Russia-India S-400 air defence systems deal problematic: Pakistan
UNITED NATIONS – Pakistan is concerned about India moving closer to acquiring Russian S-400 air defence systems and urges Moscow not to bet on New Delhi alone, Information Minister Fawad Chaudhry told Sputnik in an interview.
On Thursday, local media reported that Indian authorities are ready to sign a $5.43 billion contract to purchase five regiments of Russian S-400 Triumph air defence systems.
“That is the problem,” Chaudhry said on Friday when asked what Islamabad thinks of the possible purchase by India. “India is using its might against Pakistan, they are building their power against Pakistan, and that is very unfair. We know that Russia and India have a relationship, but now I think Pakistan is also getting closer to Russia, so Russia should not place its bets on India only.”
Russia and Pakistan’s relationship, Chaudhry added, is improving day by day and Islamabad is looking forward to working closely with Moscow on defence, trade and economic issues.
According to the Times of India media outlet, the Indian Cabinet Committee on Security (CCS) headed by Prime Minister Narendra Modi gave consent to the purchase of the Russian air defence systems. The decision was reportedly made ahead of Russian President Vladimir Putin’s visit to the country, set for early October.
India could become the third foreign buyer of these systems, following China and Turkey. Also, negotiations on the S-400 deliveries are continuing with Saudi Arabia. The United States voiced its concern over the Indian plans to purchase the S-400 systems, pointing out that sanctions over the deal could not be ruled out.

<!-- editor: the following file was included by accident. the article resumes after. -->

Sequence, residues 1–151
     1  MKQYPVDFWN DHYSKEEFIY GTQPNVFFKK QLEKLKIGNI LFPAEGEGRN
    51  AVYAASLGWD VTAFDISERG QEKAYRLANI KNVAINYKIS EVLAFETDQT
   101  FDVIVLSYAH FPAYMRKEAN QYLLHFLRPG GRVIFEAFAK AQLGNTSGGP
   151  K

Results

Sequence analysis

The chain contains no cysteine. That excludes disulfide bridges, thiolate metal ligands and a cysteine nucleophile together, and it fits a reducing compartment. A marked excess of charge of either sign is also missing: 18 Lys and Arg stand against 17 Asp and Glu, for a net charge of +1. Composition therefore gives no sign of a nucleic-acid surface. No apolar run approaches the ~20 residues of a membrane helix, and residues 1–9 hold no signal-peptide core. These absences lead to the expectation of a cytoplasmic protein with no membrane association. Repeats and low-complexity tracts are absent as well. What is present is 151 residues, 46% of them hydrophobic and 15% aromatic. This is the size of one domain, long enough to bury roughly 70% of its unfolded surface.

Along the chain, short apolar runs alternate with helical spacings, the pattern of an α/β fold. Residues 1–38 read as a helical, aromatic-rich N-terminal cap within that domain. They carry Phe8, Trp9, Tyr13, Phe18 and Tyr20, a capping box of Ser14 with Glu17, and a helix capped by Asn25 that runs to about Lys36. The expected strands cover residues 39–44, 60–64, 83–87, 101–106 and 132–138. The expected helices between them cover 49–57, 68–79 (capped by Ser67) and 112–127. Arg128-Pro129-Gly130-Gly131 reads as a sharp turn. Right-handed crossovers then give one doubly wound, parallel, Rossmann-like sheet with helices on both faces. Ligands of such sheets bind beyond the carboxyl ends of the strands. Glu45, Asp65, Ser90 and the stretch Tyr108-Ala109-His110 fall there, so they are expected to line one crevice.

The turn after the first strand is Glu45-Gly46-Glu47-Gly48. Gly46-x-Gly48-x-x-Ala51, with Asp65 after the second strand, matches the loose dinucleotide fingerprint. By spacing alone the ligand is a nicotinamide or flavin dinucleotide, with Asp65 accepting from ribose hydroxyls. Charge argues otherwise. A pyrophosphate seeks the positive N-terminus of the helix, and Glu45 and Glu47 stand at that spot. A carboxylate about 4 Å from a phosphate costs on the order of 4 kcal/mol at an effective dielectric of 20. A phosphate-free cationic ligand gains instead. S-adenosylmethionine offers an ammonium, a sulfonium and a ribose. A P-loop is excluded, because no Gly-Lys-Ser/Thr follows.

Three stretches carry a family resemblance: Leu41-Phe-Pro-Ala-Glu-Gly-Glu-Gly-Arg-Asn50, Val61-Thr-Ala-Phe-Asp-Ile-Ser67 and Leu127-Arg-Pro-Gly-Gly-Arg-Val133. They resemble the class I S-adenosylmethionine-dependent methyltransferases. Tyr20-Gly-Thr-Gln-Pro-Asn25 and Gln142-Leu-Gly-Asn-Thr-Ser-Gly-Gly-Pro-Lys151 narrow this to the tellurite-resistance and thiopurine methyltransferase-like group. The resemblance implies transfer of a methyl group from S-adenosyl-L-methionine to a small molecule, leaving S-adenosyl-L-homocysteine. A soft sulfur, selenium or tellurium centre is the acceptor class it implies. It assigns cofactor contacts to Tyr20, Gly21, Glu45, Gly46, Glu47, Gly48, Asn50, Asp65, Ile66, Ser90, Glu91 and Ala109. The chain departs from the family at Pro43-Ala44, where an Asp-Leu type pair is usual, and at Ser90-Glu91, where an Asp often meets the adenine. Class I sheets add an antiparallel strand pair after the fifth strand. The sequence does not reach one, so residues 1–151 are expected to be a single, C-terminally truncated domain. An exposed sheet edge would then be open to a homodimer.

Responding to a question, Fawad Chaudhry said Pakistan is open to dialogue with India, but believes domestic political affairs in India prevent New Delhi from engaging in cooperation.
“Internal politics of India forced Prime Minister [Narendra] Modi to withdraw from acceptance of dialogue, but we want dialogue,” Chaudhry said on Friday.
He explained that when Pakistani Prime Minister Imran Khan took office he said he wanted to normalise relations with India. “This offer was accepted, but just within 24 hours the group within the ruling party forced Prime Minister Modi to withdraw from this acceptance,” the minister added.
“We stand for peace, and we offered talks to resolve our issues. India and Pakistan have been fighting on the issue of Kashmir for seven decades. Now there is an uprising in Kashmir against the Indian rule,” Chaudhry said, adding “It depends on India. We are open for talks.”
To another question, the minister said Pakistan is uncertain about whether the United States will resume its aid to the country and sees US policy in Afghanistan as confusing.
“Right now we are not certain about that,” Chaudhry said when asked about the prospects of resumption of US funding.
Chaudhry said the US decision to suspend aid illustrates how Washington seems to contradict itself in the region. “The US is running a confusing policy in Afghanistan. One side of the political establishment says they are going out of Afghanistan, other groups within the US establishment don’t want to leave Afghanistan. So when you are confused, what you do is you try to blame others for your failures,” he added.